Empty feeling on a night Yanks come up empty

And so it all came down to the guy who boasted after the Tigers took a 2-games-to-1 lead in the best-of-5 American League Division Series that it would not return to New York. Unfortunately for the Yankees, Jose Valverde put his money where his big mouth was and remained spotless in save situations.

Valverde is a real three-ring-circus act as a closer constantly walking the high wire with none of the cool effectiveness of Mariano Rivera. He had Detroit in the AL Championship Series before this series was over, and the Yankees hoped they could make him pay for his putting the cart in front of the horse.

Facing the taunts of those in a record crowd of 50,960 at Yankee Stadium Thursday night, Valverde navigated himself through the ninth inning against three of the Yankees’ best hitters. The closer who converted all 49 of his save opportunities in the regular season made it 2-for-2 in the ALDS by sending Curtis Granderson, Robinson Cano and Alex Rodriguez back to the bench, as it turned out for good in 2011.

One of the ironies in how the season ended for the Yankees in the 3-2 loss was that the fault lay more with the hitters than the pitchers. The Yankees were an offensive juggernaut for most of the season, and they did have 10 hits in Game 5, but only two came in nine at-bats with runners in scoring position, neither of which produced a run.

The Yankees stranded 11 base runners – six in scoring position – and left the bases loaded twice. The killer inning as the seventh when infield hits by Derek Jeter and Cano surrounding a single by Granderson filled the bags with one out for Rodriguez, who had a huge chance to overcome an injury-riddled regular season and atone for a dismal postseason.

Tigers reliever Joaquin Benoit, who had to remove a huge bandage on his face that covered a big cut on his left cheek, seemed distracted in trying to protect a 3-1 Detroit lead. The inning was getting away from the Tigers and moving in the Yankees’ direction.

A-Rod didn’t have to be a big hero. All he had to was make contact, get a fly ball deep enough or even a ground ball slow enough to stay out of a double play and get a runner home. Instead, he swung through a 2-2 changeup – a pretty gutty pitch when you think of it – for the second out.

The Yanks got to 3-2 when Benoit walked Mark Teixeira to force in a run, but Benoit struck out Nick Swisher, and you could feel the air suck out of the Stadium. With two out in the eighth, Brett Gardner, who had a splendid series, gave the Yankees hope with a two-out single to left off a two-strike fastball. Jeter brought the crowd to its feet with a drive that right fielder Don Kelly caught right in front of the wall.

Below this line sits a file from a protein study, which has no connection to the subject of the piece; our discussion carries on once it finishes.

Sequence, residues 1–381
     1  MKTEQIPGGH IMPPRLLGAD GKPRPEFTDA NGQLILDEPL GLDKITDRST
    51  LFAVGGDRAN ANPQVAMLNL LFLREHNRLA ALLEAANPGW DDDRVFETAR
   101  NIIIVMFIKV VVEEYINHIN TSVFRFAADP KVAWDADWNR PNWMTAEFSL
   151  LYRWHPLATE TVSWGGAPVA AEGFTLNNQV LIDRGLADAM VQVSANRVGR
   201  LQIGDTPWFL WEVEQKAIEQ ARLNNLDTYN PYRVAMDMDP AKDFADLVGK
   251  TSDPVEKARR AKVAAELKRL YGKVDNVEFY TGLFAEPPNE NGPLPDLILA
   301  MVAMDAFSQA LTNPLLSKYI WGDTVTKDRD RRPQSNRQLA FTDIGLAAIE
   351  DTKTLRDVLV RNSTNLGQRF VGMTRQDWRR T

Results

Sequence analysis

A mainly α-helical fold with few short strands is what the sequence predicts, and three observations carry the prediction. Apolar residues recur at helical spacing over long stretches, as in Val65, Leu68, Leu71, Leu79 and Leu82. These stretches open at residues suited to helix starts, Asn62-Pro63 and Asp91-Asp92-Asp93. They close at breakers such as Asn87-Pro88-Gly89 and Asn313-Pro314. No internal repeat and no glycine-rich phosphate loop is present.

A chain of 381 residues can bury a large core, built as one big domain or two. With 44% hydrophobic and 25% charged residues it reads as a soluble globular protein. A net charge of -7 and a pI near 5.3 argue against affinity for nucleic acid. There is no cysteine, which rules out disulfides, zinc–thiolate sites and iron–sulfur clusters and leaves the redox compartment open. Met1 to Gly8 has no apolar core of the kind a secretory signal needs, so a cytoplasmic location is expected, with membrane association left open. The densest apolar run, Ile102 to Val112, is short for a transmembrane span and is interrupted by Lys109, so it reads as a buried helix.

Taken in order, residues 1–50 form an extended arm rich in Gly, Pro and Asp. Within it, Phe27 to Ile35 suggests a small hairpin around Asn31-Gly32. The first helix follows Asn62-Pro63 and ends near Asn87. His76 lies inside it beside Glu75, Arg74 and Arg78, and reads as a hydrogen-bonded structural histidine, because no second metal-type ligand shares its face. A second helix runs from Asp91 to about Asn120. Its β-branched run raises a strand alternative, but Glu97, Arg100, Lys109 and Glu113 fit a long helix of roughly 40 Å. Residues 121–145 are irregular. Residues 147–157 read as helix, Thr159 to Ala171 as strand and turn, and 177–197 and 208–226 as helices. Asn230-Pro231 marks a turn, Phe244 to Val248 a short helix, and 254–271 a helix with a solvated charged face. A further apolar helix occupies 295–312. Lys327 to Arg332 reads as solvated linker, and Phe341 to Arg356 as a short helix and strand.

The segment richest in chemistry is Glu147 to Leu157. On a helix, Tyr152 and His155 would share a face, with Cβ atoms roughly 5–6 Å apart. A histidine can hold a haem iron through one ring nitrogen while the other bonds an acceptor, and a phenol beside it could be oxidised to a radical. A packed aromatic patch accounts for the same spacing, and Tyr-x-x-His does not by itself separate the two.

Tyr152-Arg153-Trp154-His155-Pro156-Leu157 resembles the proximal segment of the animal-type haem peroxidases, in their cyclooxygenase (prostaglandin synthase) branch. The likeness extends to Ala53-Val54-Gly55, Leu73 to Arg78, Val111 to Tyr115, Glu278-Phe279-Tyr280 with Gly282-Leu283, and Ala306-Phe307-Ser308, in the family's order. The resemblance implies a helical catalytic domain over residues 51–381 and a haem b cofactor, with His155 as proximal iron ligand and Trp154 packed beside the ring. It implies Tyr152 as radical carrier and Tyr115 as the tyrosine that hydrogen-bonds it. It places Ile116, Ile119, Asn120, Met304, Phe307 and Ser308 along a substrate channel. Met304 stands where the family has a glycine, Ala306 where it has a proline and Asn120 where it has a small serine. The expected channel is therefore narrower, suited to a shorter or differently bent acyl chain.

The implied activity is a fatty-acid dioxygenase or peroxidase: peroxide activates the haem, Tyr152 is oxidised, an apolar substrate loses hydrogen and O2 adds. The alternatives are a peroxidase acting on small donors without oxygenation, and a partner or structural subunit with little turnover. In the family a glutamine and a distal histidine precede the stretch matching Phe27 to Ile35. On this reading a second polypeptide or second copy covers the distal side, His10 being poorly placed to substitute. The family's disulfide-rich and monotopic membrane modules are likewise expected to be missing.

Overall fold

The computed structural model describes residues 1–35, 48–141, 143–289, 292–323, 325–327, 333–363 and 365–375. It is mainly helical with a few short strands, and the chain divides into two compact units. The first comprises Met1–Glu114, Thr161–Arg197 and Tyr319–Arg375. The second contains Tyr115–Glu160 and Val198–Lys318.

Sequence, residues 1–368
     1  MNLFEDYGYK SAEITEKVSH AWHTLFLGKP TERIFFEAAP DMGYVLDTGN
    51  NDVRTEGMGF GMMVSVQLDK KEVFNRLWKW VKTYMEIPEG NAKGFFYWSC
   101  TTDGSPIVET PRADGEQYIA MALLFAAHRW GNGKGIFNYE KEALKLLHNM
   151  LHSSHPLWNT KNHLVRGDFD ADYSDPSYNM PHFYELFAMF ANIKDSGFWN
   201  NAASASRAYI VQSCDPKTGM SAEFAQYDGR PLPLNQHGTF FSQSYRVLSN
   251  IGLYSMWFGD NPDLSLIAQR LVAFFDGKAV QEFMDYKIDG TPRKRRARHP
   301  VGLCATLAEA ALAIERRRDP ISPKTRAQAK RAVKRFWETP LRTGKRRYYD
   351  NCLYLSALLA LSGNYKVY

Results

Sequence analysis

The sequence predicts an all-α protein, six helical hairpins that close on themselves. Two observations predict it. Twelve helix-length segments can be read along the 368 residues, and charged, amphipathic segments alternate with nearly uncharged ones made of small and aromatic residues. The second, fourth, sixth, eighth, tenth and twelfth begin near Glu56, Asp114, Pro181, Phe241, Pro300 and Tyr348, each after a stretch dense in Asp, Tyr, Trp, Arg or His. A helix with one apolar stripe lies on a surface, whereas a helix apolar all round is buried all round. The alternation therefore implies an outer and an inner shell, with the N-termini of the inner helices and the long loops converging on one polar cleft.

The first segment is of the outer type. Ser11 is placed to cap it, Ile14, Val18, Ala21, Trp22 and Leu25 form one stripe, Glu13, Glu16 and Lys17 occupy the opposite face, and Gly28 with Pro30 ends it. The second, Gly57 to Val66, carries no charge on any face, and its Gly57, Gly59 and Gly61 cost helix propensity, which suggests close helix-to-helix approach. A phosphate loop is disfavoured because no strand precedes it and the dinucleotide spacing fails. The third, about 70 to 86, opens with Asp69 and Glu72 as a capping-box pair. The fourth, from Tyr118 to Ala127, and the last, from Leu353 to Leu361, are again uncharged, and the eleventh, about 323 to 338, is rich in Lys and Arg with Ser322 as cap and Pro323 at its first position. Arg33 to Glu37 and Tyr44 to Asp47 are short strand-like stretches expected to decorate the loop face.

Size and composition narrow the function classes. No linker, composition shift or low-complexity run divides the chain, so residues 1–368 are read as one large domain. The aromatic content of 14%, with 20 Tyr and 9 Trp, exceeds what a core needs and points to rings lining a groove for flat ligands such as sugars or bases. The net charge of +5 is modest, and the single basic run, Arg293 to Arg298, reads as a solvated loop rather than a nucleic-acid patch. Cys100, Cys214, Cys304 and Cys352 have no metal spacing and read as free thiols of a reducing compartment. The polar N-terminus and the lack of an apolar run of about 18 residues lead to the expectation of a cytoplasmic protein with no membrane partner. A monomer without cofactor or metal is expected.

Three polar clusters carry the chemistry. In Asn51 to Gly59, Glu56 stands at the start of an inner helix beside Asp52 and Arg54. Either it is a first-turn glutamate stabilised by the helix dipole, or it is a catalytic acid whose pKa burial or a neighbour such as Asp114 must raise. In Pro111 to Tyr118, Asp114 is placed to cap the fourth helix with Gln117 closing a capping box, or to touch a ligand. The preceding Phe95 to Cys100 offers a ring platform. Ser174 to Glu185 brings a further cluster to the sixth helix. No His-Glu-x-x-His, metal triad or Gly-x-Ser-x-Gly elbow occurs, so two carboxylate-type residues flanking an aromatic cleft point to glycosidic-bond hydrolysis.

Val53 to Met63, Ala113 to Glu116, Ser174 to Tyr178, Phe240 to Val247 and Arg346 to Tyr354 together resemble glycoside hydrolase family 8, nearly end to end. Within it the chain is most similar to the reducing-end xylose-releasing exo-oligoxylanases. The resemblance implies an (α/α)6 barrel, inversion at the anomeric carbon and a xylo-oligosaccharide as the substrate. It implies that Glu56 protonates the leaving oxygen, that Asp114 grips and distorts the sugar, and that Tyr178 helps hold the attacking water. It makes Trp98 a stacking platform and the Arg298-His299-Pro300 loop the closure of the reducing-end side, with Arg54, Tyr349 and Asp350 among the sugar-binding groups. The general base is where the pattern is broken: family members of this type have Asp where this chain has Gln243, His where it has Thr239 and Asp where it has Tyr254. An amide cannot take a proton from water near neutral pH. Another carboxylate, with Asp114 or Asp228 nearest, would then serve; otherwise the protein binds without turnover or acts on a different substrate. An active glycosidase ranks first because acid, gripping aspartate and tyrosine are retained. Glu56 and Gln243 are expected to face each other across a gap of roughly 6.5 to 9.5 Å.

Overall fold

That was as close as the Yankees got. The ninth was all Valverde, who struck out A-Rod for the final out.

Another irony is that CC Sabathia, the ace in the hole who made the first relief appearance of his major league career, gave up the run that proved the difference on a two-out single in the fifth by Victor Martinez, who used to be his catcher in Cleveland years ago. Sabathia and five relievers were used by Girardi, who felt forced to pull Ivan Nova after two innings because of stiffness in his right forearm.

Nova gave up successive home runs to Kelly, who started the game at second base, and Delmon Young (No. 3 of the ALDS) in the first inning, but it was the way the ball came out of Nova’s hand in the second inning that disturbed Girardi. Nova overcame a leadoff double that inning but was replaced by Phil Hughes at the start of the third. Sabathia’s run was the only one allowed in seven innings by Nova’s successors.

“Our pitchers threw as well as they could all year,” Girardi said. “They pitched their hearts out. They have nothing to be ashamed of.”

Pitching, particularly the rotation, was supposed to be the Yankees’ Achilles heel, but the staff was fourth in the AL in ERA and the bullpen was first. The Yankees batted a decent .260 and outscored Detroit, 28-17, in the ALDS, but their situational hitting left something to be desired — .229 with runners in scoring position. Their victories were in 9-3 and 10-1 blowouts. Their losses were in two 1-run games and one 2-run game.

Jorge Posada, who just might have played in his last game for the Yankees, was their leading hitter in the series with a .429 average. Gardner hit .412 with 5 RBI, but other than Cano (.318) no other Yankees player batted above .300. It was a particularly rough series for Rodriguez and Teixeira, who were a combined 5-for-36 (.139) with 2 extra-base hits (both doubles by Tex) and 4 RBI.

Posada could not contain his emotions after the game and excused himself from a crowd of reporters with tears covering his face. Girardi also choked up when speaking of Posada.

“What he went through this year and what he gave us in the postseason, I don’t think there’s a prouder moment I have had of Jorgie,” Girardi said. “You can go back to when he came up in ’96, how proud of him I was when he caught the perfect game [by David Wells in 1998] and all the championships that he has won. The heart that he showed during the series; that’s why Jorgie has been a great player.”

The only hit that produced a run for the Yankees in the finale was Cano’s second home run and ninth RBI of the ALDS off Tigers starter Doug Fister, who made up for his Game 1 loss with five innings of 1-run, 5-hit pitching.

Detroit manager Jim Leyland kept his promise to keep Justin Verlander out of the game and has him fresh to start Game 1 of the ALCS Saturday night at Arlington, Texas, the place the Yankees had hoped to visit and take revenge for being eliminated by the Rangers last year.

“It’s an empty feeling for everyone in that room,” Girardi said. “It hurts.”

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